An important corollary of this hypothesis is that suppression of PTH may retard the progression of bony metastases. We propose that, in addition to suppressing androgens (the mainstay of prostate cancer therapy), it may be desirable to suppress serum PTH, either concurrent with androgen suppression or after androgen suppression therapy has failed.

Therapeutic options to suppress PTH include vitamin D sterols [e.g., 1,25-dihydroxyvitamin D (calcitriol) and its analogues, 19-nor-1,25-dihydroxyvitamin D2, paricalcitol, and 1α-vitamin D2, doxercalciferol], calcimimetics (e.g., cinacalcet), and, for elevated PTH that is refractory to other therapies, parathyroidectomy (49-52). Because cinacalcet lowers serum calcium, its use in prostate cancer would require careful monitoring as prostate cancer patients with bony metastases are at risk of hypocalcemia (22). Conversely, vitamin D sterols cause an increase in serum calcium. Vitamin D sterols are attractive therapeutic candidates because, in addition to suppressing serum PTH, these drugs inhibit the proliferation of prostate cancer cells by multiple mechanisms that do not involve PTH.

Considerable attention has focused on the role of vitamin D in prostate cancer, fueled by the observation that mortality rates from prostate cancer are inversely related to levels of ultraviolet radiation, the major source of vitamin D (53), and by the demonstration that prostate cancer cells possess high-affinity vitamin D receptor (54). When bound to the vitamin D receptor, 1,25(OH)2D regulates more than 60 genes that exert prodifferentiating, antiproliferative, and antimetastatic effects on prostate cells through multiple mechanisms (55), including effects on cell cycle, angiogenesis (56) and down-regulation of PTH-related protein expression by prostate cancer cells (57; see refs. 58, 59 for reviews). Several therapeutic trials of calcitriol and its analogues in advanced prostate cancer have been reported with relatively few clinical responses (60). However, in a double-blinded randomized trial of high-dose calcitriol (as DN-101), Beer et al. (ASCENT trial) reported a significant 8-month survival advantage for men with androgen-independent prostate cancer treated with taxane plus calcitriol versus taxane plus placebo (hazard ratio for death, 0.67; ref. 61). It is unknown whether this apparent survival advantage is the result of a direct effect of calcitriol on prostate cancer cells or of an indirect effect on prostate cancer metastases via its suppression of PTH or a combination of these (and other) mechanisms. Understanding the mechanism(s) that underlie the survival benefit is important because this benefit conceivably could be achieved with lower, potentially less toxic doses of calcitriol/calcitriol analogues as well as by other means (62).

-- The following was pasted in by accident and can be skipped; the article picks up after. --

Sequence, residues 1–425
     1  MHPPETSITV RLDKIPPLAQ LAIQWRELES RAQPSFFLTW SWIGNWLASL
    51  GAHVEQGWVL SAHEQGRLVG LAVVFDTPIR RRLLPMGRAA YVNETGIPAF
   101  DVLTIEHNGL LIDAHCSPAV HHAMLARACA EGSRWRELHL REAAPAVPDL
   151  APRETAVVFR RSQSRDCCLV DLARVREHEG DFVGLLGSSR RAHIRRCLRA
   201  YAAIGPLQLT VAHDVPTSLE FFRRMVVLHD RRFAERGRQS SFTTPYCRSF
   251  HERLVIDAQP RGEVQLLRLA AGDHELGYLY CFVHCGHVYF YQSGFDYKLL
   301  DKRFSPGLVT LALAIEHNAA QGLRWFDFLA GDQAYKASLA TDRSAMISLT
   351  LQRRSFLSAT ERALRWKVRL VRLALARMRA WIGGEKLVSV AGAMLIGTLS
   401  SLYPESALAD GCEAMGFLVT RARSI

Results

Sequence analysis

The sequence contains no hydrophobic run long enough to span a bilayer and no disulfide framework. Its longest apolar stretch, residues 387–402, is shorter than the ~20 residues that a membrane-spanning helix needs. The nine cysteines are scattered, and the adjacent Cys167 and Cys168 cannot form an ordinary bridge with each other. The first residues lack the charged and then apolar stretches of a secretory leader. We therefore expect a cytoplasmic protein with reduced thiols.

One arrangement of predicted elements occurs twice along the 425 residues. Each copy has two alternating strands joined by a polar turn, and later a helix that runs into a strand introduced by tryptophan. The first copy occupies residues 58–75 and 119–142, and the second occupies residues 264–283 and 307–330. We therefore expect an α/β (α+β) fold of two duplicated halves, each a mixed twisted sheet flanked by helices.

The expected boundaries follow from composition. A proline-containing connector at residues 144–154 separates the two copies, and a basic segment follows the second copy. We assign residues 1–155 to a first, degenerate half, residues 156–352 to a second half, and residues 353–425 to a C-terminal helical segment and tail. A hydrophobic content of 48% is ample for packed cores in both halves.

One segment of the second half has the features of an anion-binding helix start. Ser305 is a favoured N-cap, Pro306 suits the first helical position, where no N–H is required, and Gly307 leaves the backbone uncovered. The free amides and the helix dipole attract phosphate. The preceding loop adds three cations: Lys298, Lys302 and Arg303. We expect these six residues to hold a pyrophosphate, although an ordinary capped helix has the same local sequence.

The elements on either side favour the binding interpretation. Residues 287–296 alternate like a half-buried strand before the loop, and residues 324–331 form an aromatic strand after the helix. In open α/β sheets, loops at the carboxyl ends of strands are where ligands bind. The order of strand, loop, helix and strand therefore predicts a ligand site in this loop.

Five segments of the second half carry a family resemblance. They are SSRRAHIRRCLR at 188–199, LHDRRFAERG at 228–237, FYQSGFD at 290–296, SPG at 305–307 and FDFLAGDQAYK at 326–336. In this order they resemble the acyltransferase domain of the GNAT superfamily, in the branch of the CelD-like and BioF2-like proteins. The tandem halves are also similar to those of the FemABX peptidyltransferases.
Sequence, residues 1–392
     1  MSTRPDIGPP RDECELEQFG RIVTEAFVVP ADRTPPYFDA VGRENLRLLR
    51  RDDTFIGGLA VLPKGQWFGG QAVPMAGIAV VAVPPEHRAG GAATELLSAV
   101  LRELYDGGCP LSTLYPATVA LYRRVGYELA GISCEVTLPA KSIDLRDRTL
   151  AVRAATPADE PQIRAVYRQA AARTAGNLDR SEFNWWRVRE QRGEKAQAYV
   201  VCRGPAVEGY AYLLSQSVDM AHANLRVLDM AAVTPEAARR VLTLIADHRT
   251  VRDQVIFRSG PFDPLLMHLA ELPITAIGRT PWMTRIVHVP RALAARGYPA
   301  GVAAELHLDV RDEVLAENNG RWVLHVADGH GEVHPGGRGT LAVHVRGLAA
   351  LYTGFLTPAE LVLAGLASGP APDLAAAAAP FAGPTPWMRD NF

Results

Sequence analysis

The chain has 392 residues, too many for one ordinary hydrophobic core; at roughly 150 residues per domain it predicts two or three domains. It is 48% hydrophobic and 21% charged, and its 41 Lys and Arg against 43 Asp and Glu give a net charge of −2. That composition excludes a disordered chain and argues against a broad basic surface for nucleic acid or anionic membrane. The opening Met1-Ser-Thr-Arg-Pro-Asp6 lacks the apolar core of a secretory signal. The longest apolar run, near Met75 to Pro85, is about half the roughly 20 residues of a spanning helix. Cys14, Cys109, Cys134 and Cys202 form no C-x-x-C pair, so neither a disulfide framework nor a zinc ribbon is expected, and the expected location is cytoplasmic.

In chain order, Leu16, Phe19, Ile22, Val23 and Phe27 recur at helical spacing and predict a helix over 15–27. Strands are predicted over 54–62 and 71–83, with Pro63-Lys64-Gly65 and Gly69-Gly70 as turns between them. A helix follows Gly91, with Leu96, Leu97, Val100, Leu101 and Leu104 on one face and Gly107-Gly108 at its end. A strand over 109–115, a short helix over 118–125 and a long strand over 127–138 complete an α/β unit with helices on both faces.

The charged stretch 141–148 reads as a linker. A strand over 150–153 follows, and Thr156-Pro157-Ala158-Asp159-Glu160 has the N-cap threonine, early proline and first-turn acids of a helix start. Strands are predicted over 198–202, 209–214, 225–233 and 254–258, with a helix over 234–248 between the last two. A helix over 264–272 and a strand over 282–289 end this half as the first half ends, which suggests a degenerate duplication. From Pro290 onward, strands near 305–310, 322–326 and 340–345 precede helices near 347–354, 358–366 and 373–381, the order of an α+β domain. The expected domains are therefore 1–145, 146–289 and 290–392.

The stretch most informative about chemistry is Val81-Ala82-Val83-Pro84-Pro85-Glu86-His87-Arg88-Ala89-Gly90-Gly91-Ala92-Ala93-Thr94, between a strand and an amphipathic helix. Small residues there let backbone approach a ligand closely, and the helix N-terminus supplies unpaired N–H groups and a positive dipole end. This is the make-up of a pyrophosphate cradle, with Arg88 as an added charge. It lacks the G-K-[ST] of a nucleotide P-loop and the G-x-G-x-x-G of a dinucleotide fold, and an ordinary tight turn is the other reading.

In addition to effects on mortality, suppression of serum PTH in prostate cancer may reduce disease morbidity (e.g., fracture risk and bone pain). Prostate cancer patients are often treated with bisphosphonates, antiresorptive agents that have been shown to reduce the number of skeletal events (63, 64). Bisphosphonates also lower serum calcium, as evidenced by reports of iatrogenic hypocalcemia in prostate cancer patients receiving bisphosphonates (65, 66). Thus, drugs like calcitriol and analogues that suppress PTH without inducing hypocalcemia could play a complimentary or alternative role to bisphosphonates in fracture reduction in prostate cancer, as has recently been proposed for the combination of calcitriol analogues and bisphosphonates in osteoporosis (67).

PTH is a major hormonal determinant of bone resorption. Numerous studies have shown strong correlations between the rate of bone resorption and bone pain (refs. 20, 68, 69). Thus, suppressing PTH in prostate cancer patients with elevated PTH may have a positive influence on bone pain and thereby on health-related quality of life, analogous to the improvement in quality of life in prostate cancer patients receiving androgen deprivation therapy (70). Because several Food and Drug Administration–approved medications for PTH suppression are readily available, their exploration in prostate cancer therapy should be a research priority.

The costs of publication of this article were defrayed in part by the payment of page charges. This article must therefore be hereby marked advertisement in accordance with 18 U.S.C. Section 1734 solely to indicate this fact.

I thank Dr. David Sane for thoughtful critiques of the article and Ms. AnneMarie B. Johnson for the Medical illustration.